Eat right, exercise, take quality vitamins and reduce stress with yoga, acupuncture, support groups, a pet—whatever works for you. “Keep a positive outlook,” Vergel says. He should know—he’s had detectable virus most of his 27 years with HIV, and he’s still going strong!
PLUG IN TO FUTURE RESEARCH
Connect with Vergel at salvagetherapies.org or e-mail him directly at firstname.lastname@example.org. He’s your link to the latest resources for folks seeking new options.
Search aidsmeds.com and clinicaltrials.gov for the latest updates on experimental drugs ibalizumab, S/GSK-572 and other agents making their way into clinical trials.
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Today was the start of the first international workshop on Aging and HIV in Baltimore.
The program was started by Dr L. Ferrucci who gave the first presentation on frailty. He works in geriatrics and presented general data from previous studies in the general aging HIV negative population. He presented compelling data that showed that people lose lean body mass (via a syndrome. called age related sarcopenia) and strength in people as they age, and those decreases are correlated to higher mortality. Also, inflammation markers like interleukin 6 increase with age, and levels of over 2.5 pg/ml in the blood have been linked to disability due to loss of muscle strength and mass. He also added that aging related inflammation can decrease brain volume and may be implicated in depression and other health issues.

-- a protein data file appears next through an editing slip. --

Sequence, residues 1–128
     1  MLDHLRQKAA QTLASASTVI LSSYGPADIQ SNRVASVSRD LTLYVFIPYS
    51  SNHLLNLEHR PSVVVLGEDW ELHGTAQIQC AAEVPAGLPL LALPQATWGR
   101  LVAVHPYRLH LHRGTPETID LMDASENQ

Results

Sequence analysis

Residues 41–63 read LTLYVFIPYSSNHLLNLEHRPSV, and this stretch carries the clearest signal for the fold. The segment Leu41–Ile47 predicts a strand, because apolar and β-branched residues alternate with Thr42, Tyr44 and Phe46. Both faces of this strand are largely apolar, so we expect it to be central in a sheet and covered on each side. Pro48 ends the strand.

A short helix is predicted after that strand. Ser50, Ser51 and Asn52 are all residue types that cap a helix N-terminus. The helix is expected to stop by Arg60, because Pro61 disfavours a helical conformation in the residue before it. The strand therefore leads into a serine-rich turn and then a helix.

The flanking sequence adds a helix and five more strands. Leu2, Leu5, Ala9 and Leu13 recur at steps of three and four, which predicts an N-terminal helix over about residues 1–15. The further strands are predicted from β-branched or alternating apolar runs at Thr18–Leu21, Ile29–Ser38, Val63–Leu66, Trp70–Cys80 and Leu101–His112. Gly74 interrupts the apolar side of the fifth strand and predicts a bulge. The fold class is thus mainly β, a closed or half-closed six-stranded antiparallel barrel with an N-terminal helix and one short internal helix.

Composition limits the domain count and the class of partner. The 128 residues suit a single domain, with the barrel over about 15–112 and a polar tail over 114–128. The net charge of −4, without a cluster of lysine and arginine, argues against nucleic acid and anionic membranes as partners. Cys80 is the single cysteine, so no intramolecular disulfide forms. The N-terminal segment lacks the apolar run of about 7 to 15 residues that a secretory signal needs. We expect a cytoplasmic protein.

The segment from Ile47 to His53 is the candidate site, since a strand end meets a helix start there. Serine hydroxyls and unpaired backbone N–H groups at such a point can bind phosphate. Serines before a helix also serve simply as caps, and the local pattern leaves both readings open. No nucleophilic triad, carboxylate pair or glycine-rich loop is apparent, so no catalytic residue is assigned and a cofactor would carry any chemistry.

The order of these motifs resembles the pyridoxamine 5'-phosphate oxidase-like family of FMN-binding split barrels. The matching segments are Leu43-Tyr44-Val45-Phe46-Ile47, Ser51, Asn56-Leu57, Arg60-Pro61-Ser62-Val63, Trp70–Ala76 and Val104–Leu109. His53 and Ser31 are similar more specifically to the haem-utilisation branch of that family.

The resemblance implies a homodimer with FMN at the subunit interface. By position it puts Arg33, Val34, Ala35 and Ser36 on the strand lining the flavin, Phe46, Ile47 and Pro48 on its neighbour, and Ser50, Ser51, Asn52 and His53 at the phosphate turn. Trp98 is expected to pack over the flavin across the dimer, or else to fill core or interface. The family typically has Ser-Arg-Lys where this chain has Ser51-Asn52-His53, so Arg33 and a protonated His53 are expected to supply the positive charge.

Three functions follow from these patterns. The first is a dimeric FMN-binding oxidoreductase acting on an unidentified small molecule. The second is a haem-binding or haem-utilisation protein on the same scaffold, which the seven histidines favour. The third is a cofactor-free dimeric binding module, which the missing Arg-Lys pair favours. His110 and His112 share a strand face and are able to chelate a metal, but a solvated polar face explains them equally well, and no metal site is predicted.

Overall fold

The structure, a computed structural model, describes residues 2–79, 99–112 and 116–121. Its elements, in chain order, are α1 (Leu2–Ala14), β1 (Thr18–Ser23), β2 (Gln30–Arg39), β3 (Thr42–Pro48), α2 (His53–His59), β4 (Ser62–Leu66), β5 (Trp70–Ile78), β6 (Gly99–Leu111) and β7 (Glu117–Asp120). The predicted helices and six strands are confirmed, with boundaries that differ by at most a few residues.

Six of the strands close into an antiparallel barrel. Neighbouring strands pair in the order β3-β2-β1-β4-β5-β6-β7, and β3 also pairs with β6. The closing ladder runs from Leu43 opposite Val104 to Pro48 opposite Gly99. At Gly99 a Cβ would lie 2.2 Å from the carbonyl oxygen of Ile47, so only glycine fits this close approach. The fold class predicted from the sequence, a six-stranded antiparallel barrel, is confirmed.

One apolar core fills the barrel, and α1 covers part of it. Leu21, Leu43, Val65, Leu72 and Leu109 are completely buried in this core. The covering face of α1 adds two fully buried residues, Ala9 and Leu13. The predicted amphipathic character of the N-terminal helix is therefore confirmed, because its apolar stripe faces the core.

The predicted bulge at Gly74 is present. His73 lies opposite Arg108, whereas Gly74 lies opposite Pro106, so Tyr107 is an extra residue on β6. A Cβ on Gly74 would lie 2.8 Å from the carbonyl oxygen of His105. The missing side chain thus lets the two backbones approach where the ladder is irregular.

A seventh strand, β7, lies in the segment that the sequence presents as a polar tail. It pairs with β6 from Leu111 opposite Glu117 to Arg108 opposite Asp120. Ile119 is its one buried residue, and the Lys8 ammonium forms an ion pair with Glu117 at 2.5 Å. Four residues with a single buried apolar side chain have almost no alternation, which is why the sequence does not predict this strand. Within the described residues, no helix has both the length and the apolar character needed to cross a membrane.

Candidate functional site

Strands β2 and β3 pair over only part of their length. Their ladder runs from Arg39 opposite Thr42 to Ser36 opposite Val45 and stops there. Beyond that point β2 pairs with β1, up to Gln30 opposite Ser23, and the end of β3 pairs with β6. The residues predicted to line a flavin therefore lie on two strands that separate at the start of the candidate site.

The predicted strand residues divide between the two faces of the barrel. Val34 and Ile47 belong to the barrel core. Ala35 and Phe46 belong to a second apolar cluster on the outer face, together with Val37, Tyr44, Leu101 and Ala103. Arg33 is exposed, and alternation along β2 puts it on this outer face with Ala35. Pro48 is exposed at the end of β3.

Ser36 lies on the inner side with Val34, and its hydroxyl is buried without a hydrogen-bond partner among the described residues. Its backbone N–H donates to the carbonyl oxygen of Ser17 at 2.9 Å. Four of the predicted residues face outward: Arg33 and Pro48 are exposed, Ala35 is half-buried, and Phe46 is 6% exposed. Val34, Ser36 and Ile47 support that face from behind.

Dr Joseph Margolick from the MACS Cohort presented previously published frailty data from this cohort that followed 4959 men who have sex with men since 1984 until 2006. Some of these men got infected with HIV and have been followed up before and after infection. A total of 1045 patients with HIV were followed. 75% of them had undetectable HIV viral load.
The frailty related phenotype (FRP) (i.e., the physical characteristics of frailty) was identified using 1 item selected from the questionnaires for each of the following 4 components: weight loss (answer yes to since your last visit, have you had unintentional weight loss of at least 10 pounds), exhaustion [answer yes to during the past 4 weeks, as a result of your physical health, have you had difficulty performing your work or other activities (for example, it took extra effort)?], slowness (answer yes, limited a lot to does your health now limit you in walking several blocks?), and low physical activity level (answer yes, limited a lot to does your health now limit you in vigorous activities, such as running, lifting heavy objects, participating in strenuous sports?). The assessment of weakness (ie, grip strength) was not incorporated into the MACS protocol until October 2005 and therefore could not be used in defining the FRP. A participant was considered as having the FRP at the visit if at least 3 of the 4 components were present. The FRP thus defined had a prevalence of 4.4% among MACS HIV-uninfected men aged 65 years and older, which was similar to the prevalence of frailty observed in the Cardiovascular Health Study for men of similar ages.
Frailty improved with the introduction of HAART. However, after adjusting for most important factors, frailty was still higher in HIV+ men compared to HIV- men. In fact, frailty of a 55 year old HIV+ man may be similar to that of a 65 year old HIV negative man.
Basal metabolic rate has also been found to be higher in HIV+ men compared to HIV- ones.
No therapeutic intervention data was presented to review the effect of exercise, testosterone replacement, and other factors on frailty in HIV+ men.
HIV-resistant cells work in mice. Can they help humans?
California scientists, boosted by stem cell research funding enabled by Proposition 71, are aiming for clinical trials involving gene therapy through bone marrow transplants.